Revisiting the 1917 Stockholm Peace Conference: Indian Nationalism, International Socialism, and Anti-Imperialism

Group portrait of the Dutch-Scandinavian Committee: van Kol, Troelstra, Albarda (sitting, l-r), Stauning, Branting (standing, l-r)

Ole Birk Laursen
The Open University

As we mark the centenaries of the Russian revolutions (1917) and the end of the First World War (1918), we should remember how these events are connected through the abandoned Stockholm Peace Conference and, given their anti-imperialist narratives, how they impacted the colonial world. Despite the attendance of Indians, Egyptians, Persians and Turks in Stockholm, the scant historical inquiries into this might-have-been moment tend to neglect how such anti-imperial ambitions were tied to world peace.[1] Continue reading “Revisiting the 1917 Stockholm Peace Conference: Indian Nationalism, International Socialism, and Anti-Imperialism”

A Parisian Ho Chi Minh Trail: Writing Global History Through Interwar Paris

Antiimperial Metropolis cover

Michael Goebel
Freie Universität Berlin
Follow on Twitter @mgoebel29

Anxieties over the possible political fallouts of African and Asian migration to Europe have a much longer history than the current refugee crisis might have you suspect. Colonial migration to interwar Paris, as I argue in Anti-Imperial Metropolis, turned into an important engine for the spread of nationalism across the French Empire. Studying the everyday lives of these migrants, in turn, might also offer a way out of the impasse that global historians currently face.

Let me begin with an anecdote that encapsulates my argument: In autumn 1919, while statesmen gathered in Paris’s upscale banlieues to redraw the political world map, local police hired a discharged Vietnamese adjutant as an undercover agent. His task was “to exercise a discrete surveillance” over a compatriot of his who had distributed leaflets entitled “The Demands of the Annamite People” among diplomats and informal spokesmen in the city’s shabbier neighbourhoods.

The newly enlisted informer took his assignment very seriously. He filed daily reports on just about every movement in the city’s Vietnamese community, producing a paper trail that can now only be traced through the National Archives in Paris and in the Colonial Archives in Aix-en-Provence. Continue reading “A Parisian Ho Chi Minh Trail: Writing Global History Through Interwar Paris”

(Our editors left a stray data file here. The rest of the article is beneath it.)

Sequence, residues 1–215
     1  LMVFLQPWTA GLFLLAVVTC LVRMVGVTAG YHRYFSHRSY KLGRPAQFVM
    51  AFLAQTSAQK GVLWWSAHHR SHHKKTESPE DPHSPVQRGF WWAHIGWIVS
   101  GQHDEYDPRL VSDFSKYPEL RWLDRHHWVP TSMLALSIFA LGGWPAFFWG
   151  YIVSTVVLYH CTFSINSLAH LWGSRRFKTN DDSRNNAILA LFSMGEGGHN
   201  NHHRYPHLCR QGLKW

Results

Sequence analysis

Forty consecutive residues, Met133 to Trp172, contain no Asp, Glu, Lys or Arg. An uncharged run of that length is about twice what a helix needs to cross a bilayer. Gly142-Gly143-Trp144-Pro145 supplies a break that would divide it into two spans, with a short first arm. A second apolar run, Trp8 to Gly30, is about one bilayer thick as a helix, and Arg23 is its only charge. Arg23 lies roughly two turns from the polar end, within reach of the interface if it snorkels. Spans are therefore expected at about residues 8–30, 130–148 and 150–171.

Charlie Hebdo’s Anti-Imperialist Roots

L’Assiette au Beurre, Terre à Galons ("A place to earn stripes"), March 14, 1908.
L’Assiette au Beurre, Terre à Galons (“A place to Earn Stripes”), March 14, 1908.

Daniel Foliard
Assistant Professor, Paris Ouest-Nanterre la Défense University

In a recent interview, George Wolinski (1934-2015), one of the Charlie Hebdo cartoonists killed in the Paris terrorist attacks on January 7, 2015, had claimed his magazine’s work was the legacy of L’Assiette au Beurre, an innovative satirical weekly published in France between 1901 and 1912.[1]

Both stylistically and politically, the two periodicals, separated by more than a century, could also claim an affiliation with a long French tradition of dissent. Accordingly, although Charlie Hebdo is now known around the globe for its unmediated satire on religions, we should not overlook its position in the longer history of French anti-imperialism. Continue reading “Charlie Hebdo’s Anti-Imperialist Roots”

Is Doctor Who an Anti-Imperialist?

Photo is from
Photo is from

Marc-William Palen

We have been tackling some weighty subjects in the Forum this past week. In particular, the pros and cons of global history. A lighter approach to imperial and global history seemed in order. And who better to do so than an alien traveler of time and space like the Doctor?

Last Saturday witnessed the much anticipated 50th anniversary episode of the series. I had thought that my 3D glasses were enough to hide my attendance at its theatrical debut. But the cat, as they say, is out of the bag. It appears that I have failed miserably in keeping my secret Doctor Who obsession, well, a secret.

Today, one of my students sent me a link to a great article in the New Statesman. It explores the liberal contradictions of the intrepid Doctor, much as the Centre’s Professor Richard Toye did with Winston Churchill and empire last week. The author of the New Statesman article, Andrew Harrison, sets the ideologically confusing intergalactic stage thusly: Continue reading “Is Doctor Who an Anti-Imperialist?”